www.uis.unesco.org Contents of the Technical Guide 1.Introduction 2.The nature of R&D activity in developing countries 3.R&D expenditure 4.Internal and international mobility of the R&D workforce 5.Specific fields of R&D activity 6.Foreign and internationally controlled entities 7.Strengthening R&D statistical systems 8.Thinking ahead
www.uis.unesco.org Chapter 7: Strategies for setting up S&T statistics systems in developing countries Institutionalizing S&T statistics Establishing registers Structural issues in the private sector and the private not-for-profit sector User-producer networks Science & Technology Management Information Systems and other secondary sources Survey procedures and estimation
www.uis.unesco.org Institutionalization of S&T statistics Political support Infrastructure and sustained staff training/capacity building Involvement of NSOs: Official statistics status for R&D surveys. Adequate legal framework
www.uis.unesco.org Establishing registers R&D in developing countries tends to be very much the purview of public bodies Recommendations: Establishing a database of public sector R&D projects include human and financial resources; align with national policies. design could reflect the R&D statistical reporting/definitions. source for evaluation of such projects. Establishing STMIS provide overview of research system. framework for establishing complete registers as sample frames for R&D surveys.
www.uis.unesco.org Establishing registers Other sources associations (trade, academic). learned societies. registers or databases of scientists and engineers. database of research grants. databases of scientific publications. patents and other IP documents. business registers.
www.uis.unesco.org Structural issues in the private sector and the PNP sector Publicly-owned businesses play a major role in R&D in some developing countries Recommendations: should consider issuing data for publicly-owned businesses separately from the fully private enterprise sector. private enterprises could also be disaggregated by ownership, in particular the various degrees of foreign ownership.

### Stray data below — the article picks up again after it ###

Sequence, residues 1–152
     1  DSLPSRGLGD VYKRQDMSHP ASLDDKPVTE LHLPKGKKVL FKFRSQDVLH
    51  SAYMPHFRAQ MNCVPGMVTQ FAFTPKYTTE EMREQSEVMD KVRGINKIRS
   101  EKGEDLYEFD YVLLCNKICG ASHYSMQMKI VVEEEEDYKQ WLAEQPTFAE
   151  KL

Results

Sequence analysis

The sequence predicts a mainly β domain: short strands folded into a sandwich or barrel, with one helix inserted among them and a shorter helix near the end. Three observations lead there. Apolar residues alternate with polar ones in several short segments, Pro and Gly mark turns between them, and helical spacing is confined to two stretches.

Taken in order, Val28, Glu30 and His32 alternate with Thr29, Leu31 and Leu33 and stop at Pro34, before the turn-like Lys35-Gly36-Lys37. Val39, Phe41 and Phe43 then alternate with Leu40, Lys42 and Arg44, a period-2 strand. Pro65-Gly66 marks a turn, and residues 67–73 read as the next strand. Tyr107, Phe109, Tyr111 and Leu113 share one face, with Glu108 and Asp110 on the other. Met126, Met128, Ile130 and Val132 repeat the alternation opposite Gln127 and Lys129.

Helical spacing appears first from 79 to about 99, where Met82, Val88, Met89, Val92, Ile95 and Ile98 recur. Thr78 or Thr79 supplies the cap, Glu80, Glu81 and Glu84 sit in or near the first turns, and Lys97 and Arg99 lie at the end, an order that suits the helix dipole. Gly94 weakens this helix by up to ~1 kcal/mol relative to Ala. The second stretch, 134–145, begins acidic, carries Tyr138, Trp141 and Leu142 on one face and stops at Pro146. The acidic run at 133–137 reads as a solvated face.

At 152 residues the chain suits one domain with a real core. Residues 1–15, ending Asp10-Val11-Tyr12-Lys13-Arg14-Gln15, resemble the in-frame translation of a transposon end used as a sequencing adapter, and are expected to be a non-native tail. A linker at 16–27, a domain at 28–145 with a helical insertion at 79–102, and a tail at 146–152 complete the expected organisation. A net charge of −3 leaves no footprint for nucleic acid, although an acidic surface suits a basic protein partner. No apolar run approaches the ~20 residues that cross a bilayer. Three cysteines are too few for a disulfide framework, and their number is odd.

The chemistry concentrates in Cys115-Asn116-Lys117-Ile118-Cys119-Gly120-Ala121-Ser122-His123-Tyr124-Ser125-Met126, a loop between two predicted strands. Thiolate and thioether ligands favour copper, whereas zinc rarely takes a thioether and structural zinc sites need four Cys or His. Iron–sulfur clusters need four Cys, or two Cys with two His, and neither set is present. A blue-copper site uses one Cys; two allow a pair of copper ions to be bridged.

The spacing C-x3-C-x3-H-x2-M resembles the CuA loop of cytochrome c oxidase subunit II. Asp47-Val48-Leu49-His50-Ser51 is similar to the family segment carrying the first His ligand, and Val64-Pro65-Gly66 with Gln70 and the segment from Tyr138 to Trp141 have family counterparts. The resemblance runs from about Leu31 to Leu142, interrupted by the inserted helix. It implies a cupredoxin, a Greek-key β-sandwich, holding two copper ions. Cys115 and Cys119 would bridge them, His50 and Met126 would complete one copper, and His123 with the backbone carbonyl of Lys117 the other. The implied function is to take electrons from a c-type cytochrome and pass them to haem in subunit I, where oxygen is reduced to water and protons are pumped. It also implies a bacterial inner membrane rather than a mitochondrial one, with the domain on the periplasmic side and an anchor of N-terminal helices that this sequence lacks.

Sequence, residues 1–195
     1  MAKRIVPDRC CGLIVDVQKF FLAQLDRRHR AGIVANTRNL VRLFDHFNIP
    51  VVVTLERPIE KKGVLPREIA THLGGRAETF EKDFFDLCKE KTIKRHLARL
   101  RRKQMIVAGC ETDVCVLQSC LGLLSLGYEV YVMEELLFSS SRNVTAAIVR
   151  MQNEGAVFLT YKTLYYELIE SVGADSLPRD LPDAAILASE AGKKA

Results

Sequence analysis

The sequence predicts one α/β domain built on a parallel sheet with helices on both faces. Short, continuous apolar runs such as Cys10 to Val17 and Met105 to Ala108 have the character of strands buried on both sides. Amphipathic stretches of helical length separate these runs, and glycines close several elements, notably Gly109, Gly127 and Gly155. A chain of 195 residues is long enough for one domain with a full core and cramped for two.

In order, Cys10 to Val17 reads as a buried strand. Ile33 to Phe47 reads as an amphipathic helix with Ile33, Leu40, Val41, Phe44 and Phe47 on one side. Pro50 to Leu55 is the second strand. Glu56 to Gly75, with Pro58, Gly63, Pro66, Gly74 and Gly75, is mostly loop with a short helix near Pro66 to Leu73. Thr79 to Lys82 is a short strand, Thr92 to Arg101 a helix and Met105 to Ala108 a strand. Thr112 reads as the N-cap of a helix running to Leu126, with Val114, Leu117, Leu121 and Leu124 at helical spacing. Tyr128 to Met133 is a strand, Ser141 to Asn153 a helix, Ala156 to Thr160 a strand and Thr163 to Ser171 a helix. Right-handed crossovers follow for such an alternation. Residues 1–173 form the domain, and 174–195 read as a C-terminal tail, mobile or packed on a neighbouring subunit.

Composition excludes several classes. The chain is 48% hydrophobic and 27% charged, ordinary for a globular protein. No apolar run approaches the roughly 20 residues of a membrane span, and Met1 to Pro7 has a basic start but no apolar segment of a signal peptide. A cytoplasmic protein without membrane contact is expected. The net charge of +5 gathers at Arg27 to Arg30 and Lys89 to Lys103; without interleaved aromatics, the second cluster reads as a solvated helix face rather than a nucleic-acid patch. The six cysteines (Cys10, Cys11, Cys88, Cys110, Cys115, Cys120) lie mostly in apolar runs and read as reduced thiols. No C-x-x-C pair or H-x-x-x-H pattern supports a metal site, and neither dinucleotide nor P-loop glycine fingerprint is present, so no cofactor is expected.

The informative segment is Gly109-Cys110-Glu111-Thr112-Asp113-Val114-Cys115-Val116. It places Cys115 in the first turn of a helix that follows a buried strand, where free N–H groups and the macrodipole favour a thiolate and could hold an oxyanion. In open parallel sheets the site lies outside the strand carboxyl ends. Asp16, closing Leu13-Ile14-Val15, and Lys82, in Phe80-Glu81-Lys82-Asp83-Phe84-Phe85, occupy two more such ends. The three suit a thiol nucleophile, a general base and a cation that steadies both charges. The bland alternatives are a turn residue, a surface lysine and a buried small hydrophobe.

www.uis.unesco.org Structural issues in the private sector and the PNP sector Business enterprise R&D is presumed to be generally weak in developing countries when compared to industrial countries. Recommendations: take into account when conducting sample surveys, perhaps by over-sampling, especially amongst larger companies. big companies should not be missed out as it might imply significant error. invest time in interviewing key firms to understand their R&D function and obtain a clear picture of their activity. Private-non-profit sector: make a significant contribution to R&D in developing countries, but the sector tends to be very volatile.
www.uis.unesco.org User-producer networks Recommendations: user-producer networks and other forms of stakeholder consultation should be instituted. establishing national S&T statistics groups. involve multiple actors. coordinating/networking among institutions/databases. partnering with business associations. conducting face-to-face visits by statisticians and project leaders. exploit pre-existing personnel ties. get NSO involved; to deal with privacy of information. training of interviewers/primary data producers.
www.uis.unesco.org Science and Technology Management Information System and other secondary sources STMIS (e.g. database of scientists, research grants, etc): frequent source for the production of R&D statistics. Recommendations: need close integration between the statistical system and the STMIS. need adjustments to produce comparable statistics, taking into account issues of definitions and coverage. need a balanced approach using both STMIS and surveys. need different approach to Private sector organizations as they are frequently not covered by these systems. Combined R&D and innovation surveys Recommendations: the relative rarity of occurrence of R&D in businesses needs to be taken into account.
www.uis.unesco.org Survey procedure and estimation Recommendations: attention needs to be paid to questionnaire design. frequency of survey. prioritize area of work; accompanied by step-by-step approach. use of survey questionnaires of other countries for inspiration: need adaptations to local situation. get expertise from the NSO, in conducting survey, in sampling …. different questionnaires might be designed for different sectors based on stakeholder consultations. One size does not fit all. procedures need to be developed for estimating missing data.
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